TOKYO - Japan's space agency said its Hayabusa2 spacecraft successfully dropped an explosive designed to make a crater on an asteroid and collect its underground samples to find possible clues to the origin of the solar system.
Friday's crater mission is the riskiest for Hayabusa2, as it had to immediately get away so it won't get hit by flying shards from the blast.
The Japan Aerospace Exploration Agency, or JAXA, said that Hayabusa2 dropped a "small carry-on impactor'' made of copper onto the asteroid Friday morning, and that data confirmed the spacecraft safely evacuated and remained intact. JAXA is analyzing data to examine if or how the impactor made a crater.
The copper explosive is the size of a baseball weighing 2 kilograms (4.4 pounds). It was designed to come out of a cone-shaped piece of equipment. A copper plate on its bottom was to turn into a ball during its descent and slam into the asteroid at 2 kilometers (1.2 miles) per second.
JAXA plans to send Hayabusa2 back to the site later, when the dust and debris settle, for observations from above and to collect samples from underground that have not been exposed to the sun or space rays. Scientists hope the samples will be crucial to determine the history of the asteroid and our planet.
If successful, it would be the first time for a spacecraft to take such materials. In a 2005 ``deep impact'' mission to a comet, NASA observed fragments after blasting the surface but did not collect them.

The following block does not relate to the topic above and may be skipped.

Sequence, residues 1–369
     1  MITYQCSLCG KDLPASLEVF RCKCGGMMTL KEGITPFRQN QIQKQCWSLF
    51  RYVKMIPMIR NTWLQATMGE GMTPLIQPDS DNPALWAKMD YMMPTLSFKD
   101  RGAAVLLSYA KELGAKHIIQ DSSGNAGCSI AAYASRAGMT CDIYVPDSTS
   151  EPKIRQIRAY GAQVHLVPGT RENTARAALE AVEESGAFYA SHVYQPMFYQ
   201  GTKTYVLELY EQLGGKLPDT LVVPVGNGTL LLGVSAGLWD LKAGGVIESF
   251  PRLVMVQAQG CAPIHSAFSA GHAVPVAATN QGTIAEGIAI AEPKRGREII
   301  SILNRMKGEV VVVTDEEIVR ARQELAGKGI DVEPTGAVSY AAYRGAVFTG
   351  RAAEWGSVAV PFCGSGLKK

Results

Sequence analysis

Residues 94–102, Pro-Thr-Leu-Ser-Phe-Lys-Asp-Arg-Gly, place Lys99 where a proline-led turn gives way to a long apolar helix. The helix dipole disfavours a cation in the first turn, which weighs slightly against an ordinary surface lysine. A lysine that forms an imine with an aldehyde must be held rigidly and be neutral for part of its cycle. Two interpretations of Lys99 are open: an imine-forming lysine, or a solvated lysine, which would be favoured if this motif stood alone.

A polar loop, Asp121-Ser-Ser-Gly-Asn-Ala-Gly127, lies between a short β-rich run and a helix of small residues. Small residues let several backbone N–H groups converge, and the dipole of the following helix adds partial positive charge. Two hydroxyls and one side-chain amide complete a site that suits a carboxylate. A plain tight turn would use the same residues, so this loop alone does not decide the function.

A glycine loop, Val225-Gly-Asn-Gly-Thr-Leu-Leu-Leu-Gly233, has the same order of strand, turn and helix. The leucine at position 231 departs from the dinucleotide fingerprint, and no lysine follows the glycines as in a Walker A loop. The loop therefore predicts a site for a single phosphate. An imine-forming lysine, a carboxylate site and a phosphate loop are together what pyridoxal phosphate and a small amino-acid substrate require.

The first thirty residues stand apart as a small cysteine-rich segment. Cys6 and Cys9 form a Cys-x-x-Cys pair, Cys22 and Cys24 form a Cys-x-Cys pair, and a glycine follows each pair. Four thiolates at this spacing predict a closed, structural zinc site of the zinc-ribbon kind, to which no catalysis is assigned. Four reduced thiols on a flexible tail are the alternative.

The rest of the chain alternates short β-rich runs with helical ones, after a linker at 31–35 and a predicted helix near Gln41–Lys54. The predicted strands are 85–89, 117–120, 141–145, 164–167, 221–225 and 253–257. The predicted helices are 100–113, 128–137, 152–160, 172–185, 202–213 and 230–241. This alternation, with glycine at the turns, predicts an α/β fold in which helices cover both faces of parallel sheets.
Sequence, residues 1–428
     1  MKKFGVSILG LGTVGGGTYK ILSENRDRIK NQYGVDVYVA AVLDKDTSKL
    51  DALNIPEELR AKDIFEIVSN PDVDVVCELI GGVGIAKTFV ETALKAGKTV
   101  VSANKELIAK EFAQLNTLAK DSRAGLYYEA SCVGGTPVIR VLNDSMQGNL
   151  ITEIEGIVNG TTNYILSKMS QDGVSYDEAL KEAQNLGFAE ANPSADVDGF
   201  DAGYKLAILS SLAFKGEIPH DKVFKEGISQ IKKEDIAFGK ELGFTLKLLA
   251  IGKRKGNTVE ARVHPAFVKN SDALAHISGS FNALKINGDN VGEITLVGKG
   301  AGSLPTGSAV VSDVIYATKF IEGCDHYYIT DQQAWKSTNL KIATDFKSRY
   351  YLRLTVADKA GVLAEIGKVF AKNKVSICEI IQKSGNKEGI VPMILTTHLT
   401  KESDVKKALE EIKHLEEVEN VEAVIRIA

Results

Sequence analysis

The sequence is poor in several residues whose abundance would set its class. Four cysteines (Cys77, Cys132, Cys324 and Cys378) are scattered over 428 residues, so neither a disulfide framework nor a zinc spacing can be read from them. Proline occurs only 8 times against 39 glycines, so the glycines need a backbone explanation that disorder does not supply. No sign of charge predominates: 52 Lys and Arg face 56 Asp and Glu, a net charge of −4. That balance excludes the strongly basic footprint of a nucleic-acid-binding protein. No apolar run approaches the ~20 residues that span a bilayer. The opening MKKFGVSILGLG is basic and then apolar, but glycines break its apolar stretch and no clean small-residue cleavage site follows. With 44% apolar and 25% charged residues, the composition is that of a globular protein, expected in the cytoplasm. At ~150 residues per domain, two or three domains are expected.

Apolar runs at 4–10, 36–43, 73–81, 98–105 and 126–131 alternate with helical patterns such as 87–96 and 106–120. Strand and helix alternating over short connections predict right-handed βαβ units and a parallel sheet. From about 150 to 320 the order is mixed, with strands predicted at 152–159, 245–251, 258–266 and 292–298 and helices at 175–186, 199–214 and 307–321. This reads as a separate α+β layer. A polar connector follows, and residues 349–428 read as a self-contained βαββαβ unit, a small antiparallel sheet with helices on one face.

After dropping the impactor, the spacecraft was to move quickly to the other side of the asteroid to avoid flying shards from the blast. While moving away, Hayabusa2 also left a camera to capture the outcome. One of its first photos showed the impactor being successfully released and headed to the asteroid.
"So far, Hayabusa2 has done everything as planned, and we are delighted,'' said mission leader Makoto Yoshikawa. "But we still have more missions to achieve and it's too early for us to celebrate with 'banzai.'''
Hayabusa2 successfully touched down on a tiny flat surface on the boulder-rich asteroid in February, when the spacecraft also collected some surface dust and small debris. The craft is scheduled to leave the asteroid at the end of 2019 and bring surface fragments and underground samples back to Earth in late 2020.
The asteroid, named Ryugu after an undersea palace in a Japanese folktale, is about 300 million kilometers (180 million miles) from Earth.